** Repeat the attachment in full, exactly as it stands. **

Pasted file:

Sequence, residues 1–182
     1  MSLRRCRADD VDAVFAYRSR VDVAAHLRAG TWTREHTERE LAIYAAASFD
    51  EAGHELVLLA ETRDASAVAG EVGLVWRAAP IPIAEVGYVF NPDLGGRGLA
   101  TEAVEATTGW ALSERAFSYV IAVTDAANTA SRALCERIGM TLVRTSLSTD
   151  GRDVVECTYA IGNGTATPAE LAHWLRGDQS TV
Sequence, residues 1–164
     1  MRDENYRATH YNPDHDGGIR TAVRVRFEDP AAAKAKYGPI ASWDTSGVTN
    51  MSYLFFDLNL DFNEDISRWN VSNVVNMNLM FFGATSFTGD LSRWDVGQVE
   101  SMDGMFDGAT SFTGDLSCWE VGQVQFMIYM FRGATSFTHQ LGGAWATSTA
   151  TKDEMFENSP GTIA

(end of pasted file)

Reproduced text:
Sequence, residues 1–182
     1  MSLRRCRADD VDAVFAYRSR VDVAAHLRAG TWTREHTERE LAIYAAASFD
    51  EAGHELVLLA ETRDASAVAG EVGLVWRAAP IPIAEVGYVF NPDLGGRGLA
   101  TEAVEATTGW ALSERAFSYV IAVTDAANTA SRALCERIGM TLVRTSLSTD
   151  GRDVVECTYA IGNGTATPAE LAHWLRGDQS TV
Sequence, residues 1–164
     1  MRDENYRATH YNPDHDGGIR TAVRVRFEDP AAAKAKYGPI ASWDTSGVTN
    51  MSYLFFDLNL DFNEDISRWN VSNVVNMNLM FFGATSFTGD LSRWDVGQVE
   101  SMDGMFDGAT SFTGDLSCWE VGQVQFMIYM FRGATSFTHQ LGGAWATSTA
   151  TKDEMFENSP GTIA